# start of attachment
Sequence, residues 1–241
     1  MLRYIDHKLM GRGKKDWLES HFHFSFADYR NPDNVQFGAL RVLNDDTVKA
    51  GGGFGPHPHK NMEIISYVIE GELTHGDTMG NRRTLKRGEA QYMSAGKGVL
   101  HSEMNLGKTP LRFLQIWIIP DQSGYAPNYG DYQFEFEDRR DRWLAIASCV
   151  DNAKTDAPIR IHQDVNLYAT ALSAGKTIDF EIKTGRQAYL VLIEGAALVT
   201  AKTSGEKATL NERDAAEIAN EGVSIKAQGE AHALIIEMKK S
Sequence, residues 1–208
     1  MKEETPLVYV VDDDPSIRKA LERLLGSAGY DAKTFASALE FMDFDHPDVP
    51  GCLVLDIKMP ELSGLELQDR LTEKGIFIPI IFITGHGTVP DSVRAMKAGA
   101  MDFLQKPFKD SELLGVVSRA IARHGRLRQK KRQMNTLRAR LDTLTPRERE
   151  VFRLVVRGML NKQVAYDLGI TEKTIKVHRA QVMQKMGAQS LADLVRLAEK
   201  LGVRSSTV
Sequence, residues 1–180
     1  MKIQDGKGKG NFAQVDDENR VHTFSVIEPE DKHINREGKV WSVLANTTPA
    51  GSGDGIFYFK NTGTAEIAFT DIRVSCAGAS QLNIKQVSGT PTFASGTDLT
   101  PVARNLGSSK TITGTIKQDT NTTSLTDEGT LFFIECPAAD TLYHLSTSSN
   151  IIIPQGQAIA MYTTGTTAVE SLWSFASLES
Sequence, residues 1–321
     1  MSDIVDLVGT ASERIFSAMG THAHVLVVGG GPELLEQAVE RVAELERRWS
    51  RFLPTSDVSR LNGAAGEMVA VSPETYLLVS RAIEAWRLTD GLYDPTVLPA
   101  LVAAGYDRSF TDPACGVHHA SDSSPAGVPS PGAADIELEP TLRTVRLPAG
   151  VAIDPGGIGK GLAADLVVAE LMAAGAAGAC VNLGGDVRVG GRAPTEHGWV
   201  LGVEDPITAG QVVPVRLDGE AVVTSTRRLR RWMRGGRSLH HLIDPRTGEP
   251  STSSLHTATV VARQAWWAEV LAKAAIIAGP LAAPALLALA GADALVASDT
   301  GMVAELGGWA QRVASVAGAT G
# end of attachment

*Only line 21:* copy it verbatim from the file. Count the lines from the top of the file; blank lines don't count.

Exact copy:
   101  LVAAGYDRSF TDPACGVHHA SDSSPAGVPS PGAADIELEP TLRTVRLPAG